Back in December, I wrote about the problems faced by the controversial Ilisu dam project in southeast Turkey, especially after its main financial backers -- Germany, Austria and Switzerland -- suspended credit guarantees for the project. Now the countries have announced that they are pulling out of the dam project completely. From Reuters:
Three Western export credit insurers quit Turkey's planned Ilisu dam on the Tigris River on Tuesday because it is failing World Bank environmental and heritage standards, throwing the 1.2 billion euro ($1.68 billion) project into doubt.
The dam is due to provide 3.8 billion kilowatt hours of electricity a year and help wean Turkey off reliance on energy imports. But it will also swallow up more than 80 villages and hamlets by the time of its planned completion in 2013.
Work on the project was halted in December when the three insurers -- Euler Hermes Kreditversicherung of Germany, Austria's Oesterreichische Kontrollbank and Swiss Schweizerische Exportrisikoversicherung -- ordered suppliers to stop working on the dam for 180 days.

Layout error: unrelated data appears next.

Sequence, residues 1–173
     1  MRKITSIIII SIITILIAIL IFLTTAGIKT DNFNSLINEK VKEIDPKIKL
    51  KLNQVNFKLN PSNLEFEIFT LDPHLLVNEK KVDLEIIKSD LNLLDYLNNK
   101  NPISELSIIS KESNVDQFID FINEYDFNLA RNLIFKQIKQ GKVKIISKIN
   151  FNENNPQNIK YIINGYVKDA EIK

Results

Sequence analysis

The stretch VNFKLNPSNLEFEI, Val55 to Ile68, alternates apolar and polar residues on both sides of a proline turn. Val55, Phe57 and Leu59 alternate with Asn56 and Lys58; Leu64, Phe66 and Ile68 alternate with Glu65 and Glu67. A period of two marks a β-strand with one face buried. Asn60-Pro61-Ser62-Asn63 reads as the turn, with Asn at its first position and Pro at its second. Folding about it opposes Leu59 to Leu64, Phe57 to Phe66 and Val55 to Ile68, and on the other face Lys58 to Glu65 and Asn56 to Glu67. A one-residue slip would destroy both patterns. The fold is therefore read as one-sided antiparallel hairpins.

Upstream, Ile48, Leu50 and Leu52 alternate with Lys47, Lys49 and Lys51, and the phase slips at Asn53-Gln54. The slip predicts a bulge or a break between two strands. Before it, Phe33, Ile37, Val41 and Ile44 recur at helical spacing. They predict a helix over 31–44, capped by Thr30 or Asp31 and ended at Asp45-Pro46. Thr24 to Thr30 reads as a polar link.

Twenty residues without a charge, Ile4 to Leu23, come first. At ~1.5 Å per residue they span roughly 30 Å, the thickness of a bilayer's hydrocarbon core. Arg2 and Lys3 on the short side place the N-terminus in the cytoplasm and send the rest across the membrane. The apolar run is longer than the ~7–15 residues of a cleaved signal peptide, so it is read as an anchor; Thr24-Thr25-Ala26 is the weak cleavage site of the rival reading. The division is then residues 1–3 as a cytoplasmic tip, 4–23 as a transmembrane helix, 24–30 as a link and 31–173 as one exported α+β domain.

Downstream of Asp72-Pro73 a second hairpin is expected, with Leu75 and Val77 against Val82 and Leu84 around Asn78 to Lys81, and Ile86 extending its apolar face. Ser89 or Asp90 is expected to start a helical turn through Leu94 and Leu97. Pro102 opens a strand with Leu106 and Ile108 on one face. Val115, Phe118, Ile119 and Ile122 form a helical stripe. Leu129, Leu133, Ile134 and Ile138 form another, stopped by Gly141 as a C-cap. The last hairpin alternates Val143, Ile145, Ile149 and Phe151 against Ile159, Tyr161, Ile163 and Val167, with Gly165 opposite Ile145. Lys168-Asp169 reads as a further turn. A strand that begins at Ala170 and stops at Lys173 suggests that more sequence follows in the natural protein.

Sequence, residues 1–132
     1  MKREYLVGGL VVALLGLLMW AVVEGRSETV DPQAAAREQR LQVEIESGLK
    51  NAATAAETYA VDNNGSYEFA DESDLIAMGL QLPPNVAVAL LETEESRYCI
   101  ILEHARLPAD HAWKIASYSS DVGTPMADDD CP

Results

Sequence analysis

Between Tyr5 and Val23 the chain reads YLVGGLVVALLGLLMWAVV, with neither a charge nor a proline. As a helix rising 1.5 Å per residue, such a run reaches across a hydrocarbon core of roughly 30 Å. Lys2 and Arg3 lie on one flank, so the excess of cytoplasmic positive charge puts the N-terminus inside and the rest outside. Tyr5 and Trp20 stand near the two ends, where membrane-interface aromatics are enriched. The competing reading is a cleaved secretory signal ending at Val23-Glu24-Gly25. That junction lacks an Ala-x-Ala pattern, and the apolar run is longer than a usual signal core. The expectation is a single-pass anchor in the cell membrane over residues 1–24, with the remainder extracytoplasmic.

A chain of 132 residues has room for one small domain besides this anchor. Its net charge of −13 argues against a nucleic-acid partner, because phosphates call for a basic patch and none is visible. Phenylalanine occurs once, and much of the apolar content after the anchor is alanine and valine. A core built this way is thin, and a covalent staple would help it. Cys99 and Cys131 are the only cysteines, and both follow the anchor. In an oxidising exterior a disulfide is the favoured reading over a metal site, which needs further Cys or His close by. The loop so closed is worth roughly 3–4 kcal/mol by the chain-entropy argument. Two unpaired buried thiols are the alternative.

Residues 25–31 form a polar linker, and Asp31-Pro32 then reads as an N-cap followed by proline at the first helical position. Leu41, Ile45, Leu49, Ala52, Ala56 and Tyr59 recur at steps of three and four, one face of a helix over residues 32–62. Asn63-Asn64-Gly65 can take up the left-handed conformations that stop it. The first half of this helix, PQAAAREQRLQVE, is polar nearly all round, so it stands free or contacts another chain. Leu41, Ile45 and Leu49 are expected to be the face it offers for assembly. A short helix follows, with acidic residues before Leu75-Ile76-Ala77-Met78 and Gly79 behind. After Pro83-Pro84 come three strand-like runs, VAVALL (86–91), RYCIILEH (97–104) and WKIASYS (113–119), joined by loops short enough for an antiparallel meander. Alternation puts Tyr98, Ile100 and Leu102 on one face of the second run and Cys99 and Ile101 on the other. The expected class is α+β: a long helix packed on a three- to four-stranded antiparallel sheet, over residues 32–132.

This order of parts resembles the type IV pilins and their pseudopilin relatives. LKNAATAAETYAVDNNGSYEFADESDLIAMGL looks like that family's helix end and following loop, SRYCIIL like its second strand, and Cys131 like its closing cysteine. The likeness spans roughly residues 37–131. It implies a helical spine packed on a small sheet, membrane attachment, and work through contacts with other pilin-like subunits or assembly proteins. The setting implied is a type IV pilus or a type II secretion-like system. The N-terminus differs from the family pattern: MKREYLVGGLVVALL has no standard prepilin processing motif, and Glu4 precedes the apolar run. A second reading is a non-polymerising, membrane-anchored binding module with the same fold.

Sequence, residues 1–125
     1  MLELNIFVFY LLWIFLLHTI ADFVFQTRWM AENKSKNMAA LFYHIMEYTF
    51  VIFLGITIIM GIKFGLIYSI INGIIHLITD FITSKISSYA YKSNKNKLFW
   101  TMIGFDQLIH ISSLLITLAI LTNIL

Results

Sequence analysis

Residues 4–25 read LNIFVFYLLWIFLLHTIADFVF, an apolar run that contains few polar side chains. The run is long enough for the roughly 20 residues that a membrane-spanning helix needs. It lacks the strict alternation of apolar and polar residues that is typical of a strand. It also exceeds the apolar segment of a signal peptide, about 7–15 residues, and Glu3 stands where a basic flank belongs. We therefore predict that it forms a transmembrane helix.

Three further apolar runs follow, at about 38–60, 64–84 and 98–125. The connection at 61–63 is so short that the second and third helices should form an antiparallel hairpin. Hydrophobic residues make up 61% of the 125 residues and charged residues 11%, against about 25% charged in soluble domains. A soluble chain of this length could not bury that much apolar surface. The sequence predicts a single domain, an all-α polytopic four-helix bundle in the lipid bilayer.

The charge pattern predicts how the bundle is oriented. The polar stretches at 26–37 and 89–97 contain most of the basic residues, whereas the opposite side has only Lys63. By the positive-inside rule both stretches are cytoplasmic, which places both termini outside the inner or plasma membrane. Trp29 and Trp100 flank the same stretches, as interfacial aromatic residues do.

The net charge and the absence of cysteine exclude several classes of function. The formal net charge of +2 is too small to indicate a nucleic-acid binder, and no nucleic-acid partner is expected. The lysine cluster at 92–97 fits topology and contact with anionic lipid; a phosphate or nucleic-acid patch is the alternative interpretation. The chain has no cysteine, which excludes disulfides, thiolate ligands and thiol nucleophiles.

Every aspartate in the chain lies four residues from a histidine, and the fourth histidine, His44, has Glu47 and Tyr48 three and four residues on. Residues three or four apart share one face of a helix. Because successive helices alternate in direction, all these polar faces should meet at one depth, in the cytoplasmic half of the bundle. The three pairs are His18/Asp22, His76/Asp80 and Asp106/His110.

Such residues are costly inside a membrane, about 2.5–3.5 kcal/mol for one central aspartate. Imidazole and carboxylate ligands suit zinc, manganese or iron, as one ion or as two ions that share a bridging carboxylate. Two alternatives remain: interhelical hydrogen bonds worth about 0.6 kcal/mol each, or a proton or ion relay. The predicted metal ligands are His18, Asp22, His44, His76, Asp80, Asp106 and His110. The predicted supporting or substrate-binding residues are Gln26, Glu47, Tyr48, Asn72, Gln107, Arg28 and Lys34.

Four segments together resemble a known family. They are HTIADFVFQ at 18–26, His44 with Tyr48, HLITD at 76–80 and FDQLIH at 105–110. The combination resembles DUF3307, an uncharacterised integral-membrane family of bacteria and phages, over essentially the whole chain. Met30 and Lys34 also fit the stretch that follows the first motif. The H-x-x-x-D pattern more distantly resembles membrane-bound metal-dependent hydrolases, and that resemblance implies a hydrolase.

"The agreed contractual conditions regarding the environment, cultural heritage and relocation could not be fulfilled," the insurers, which were providing credit guarantees for the German, Austrian and Swiss suppliers, said in a joint statement.
You can read the full article here.
Environment minister, Veysel Eroglu, said a few days ago that work on Ilisu would continue even without foreign backing, but it's not clear if Turkey has the financial or technical resources to build a dam like this. This latest news may not mean the end of the Ilisu project, but it certainly will delay its construction in a meaningful way.
For more background about the Ilisu dam project and the wider issue of water management in the southeast, take a look at this article I wrote last year for Eurasianet.
(Photo -- A view of the historic town of Hasankeyf, which would be flooded if the controversial Ilisu dam were to be built. By Yigal Schleifer)